Motherly Living

Surviving The Toddler’s Emotional Development: How I Didn’t Run Away

März 23, 2018

Emily has just turned three and I love her more than anything in this world. But this age…well, this age is just so tough. Two and three-year-olds are learning to make sense of so many new feelings and emotions. Often they would just feel confused and overwhelmed by their own feelings because they can’t name or describe these feelings yet so well. These little monkeys, therefore, need our constant support and safety. However, it can be a tough nut for a parent. The first challenging part for a parent is, that this can be a leeeenghty process, often varying in intensity too. The second challenging part is, that this can be really nerve-wrenching time, so if you haven’t started your yoga yet, you definitely should start now.

The Emotional Rollercoaster

Emily has been going through this phase for a while. She has been an intense baby since day 1, so no need to say how much hard time we are going through right now.
There is a huge emotional development jump between the ages of two- and three-year-olds and often there have been moments where I am not able to follow anymore all the ups and downs. She wants to be independent, to do everything by herself, to make decisions of her own, definitely not listen to the word ‘NO’ (she would even stop in the middle of a busy road just to not listen to my directions!!!). One moment she would be so happy, hugging and kissing me while next minute she would turn into a weeping, screaming and hitting (how frustrating and hurtful is that??!) girl that often worries me to the level that I ask myself: ‘What did I do wrong?’ and ‘Is this normal?’.
Other times, we would both end up being very frustrated by the circumstances of trying to get dressed up for about an hour, throwing a tantrum on the floor because I helped her to close her shoe while she wanted to do it ALL by herself alone and there’s no way I can undo this action even though I apologize and they the shoes off again so she could put them back on by herself. I always try to support her as much as I can but sometimes even I (human being) can’t take it anymore. Result? That’s not an ideal situation for none of us. It’s not healthy for the child that (as hard as it can feel at that moment) simply just needs my support and love, as well as it is not easy for me as a mother. I end up blaming myself, flooding my mind with the guilt of being a bad mum. All in all, nobody is happy with the things the way they are.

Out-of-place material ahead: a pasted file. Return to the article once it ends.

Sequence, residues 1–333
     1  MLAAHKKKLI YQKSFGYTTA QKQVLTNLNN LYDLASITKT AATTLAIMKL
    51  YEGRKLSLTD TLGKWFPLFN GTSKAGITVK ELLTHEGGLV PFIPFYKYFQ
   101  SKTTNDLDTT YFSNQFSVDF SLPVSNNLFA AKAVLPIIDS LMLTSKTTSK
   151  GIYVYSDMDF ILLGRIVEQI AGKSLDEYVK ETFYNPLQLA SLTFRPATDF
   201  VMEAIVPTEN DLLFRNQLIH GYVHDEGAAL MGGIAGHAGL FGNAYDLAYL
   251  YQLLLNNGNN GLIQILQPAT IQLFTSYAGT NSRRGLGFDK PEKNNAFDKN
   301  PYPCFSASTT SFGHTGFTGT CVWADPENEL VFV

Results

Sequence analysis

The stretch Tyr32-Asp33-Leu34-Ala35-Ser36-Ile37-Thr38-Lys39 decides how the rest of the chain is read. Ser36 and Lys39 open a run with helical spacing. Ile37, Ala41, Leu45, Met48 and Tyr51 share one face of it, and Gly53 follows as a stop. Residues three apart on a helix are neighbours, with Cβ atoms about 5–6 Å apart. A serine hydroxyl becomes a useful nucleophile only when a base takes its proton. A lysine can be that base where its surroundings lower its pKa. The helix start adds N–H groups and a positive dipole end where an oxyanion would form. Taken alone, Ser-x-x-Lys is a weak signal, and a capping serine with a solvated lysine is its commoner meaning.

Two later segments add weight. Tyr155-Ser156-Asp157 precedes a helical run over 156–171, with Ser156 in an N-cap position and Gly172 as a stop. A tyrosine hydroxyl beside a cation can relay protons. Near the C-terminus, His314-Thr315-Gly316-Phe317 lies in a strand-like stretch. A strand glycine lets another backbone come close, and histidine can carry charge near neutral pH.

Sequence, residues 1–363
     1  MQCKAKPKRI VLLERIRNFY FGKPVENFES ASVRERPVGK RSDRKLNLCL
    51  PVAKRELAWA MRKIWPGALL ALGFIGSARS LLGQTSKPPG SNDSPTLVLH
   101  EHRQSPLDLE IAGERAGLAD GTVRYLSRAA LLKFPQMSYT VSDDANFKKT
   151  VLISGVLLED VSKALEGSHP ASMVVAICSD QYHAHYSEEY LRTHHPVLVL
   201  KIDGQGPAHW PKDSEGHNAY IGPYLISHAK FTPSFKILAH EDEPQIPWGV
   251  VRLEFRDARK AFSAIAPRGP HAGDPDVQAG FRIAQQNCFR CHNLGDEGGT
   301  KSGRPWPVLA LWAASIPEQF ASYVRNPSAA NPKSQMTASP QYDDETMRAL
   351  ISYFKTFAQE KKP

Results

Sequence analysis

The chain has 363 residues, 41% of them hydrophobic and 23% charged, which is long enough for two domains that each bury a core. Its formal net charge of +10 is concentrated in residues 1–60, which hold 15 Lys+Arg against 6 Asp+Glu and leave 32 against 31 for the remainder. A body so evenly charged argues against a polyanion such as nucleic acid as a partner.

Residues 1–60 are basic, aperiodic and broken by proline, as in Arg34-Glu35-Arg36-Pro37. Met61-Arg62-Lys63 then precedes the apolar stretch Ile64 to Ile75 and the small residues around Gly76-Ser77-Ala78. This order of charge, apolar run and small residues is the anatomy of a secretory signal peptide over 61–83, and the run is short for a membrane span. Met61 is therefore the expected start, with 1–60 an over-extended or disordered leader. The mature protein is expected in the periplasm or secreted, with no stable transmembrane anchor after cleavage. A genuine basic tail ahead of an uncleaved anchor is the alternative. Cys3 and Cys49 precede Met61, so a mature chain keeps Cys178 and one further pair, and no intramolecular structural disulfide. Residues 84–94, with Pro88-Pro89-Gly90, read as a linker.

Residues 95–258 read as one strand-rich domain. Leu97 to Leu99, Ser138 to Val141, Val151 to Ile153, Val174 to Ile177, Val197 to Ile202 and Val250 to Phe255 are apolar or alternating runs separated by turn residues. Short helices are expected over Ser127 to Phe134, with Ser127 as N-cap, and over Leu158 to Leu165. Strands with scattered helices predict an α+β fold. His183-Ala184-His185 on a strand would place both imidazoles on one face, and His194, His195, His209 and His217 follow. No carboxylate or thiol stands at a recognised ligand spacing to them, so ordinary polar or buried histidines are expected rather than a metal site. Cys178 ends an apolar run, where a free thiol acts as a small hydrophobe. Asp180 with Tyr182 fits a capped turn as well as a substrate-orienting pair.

A casual situation during the pick-up time on the preschool’s hallway floor.

Supporting The Emotional Toddler

So what to do? Run away! Don’t worry, I am just kidding (even though sometimes I am close to it). There’s no way where you could hide from motherhood. So all we, parents, can do is to find the best way to help and support our toddler through this difficult phase.

Emily loves reading books so I started looking for books that are focused on emotions that name and describe them, so Emily learns for example that feeling angry is natural and we all do feel angry sometimes. It’s dangerous when kids start feeling guilty for feeling angry or learn that angry equals a bad kid, especially when parents punish kids for these feelings. For me, it’s important to let Emily express her emotions she’s feeling and eventually learns to control them.

Emily’s and my favorite books:

Glad Monster, Sad Monster

This is a super fun book about a monster experiencing different emotions. Each emotion includes a monster mask that your kiddo can put on her/his face try and try how they can do that specific emotion. It’s engaging, educative and funny.

Mouse Was Mad

Pretty realistic (!) book about a mouse that throws tantrums out of her frustrations. Screaming, kicking, jumping, stomping… However, towards the end, the mouse learns to control her emotions and turns out to be an inspirational model for other animals.

Sometimes I’m Bombaloo

Very simple booklet about a little girl who has her ups and downs and can’t control her actions when she is angry.
However, I must say that this is not my favorite book. It doesn’t try to find a solution to the emotional tantrums and ironically, Emily finds the name ‘Bombaloo’ quite funny so she actually wants to act like a Bombaloo 😉

 

Best books for emotional toddlers.

 

The only patient readers in the house. Love these kiddos 😉

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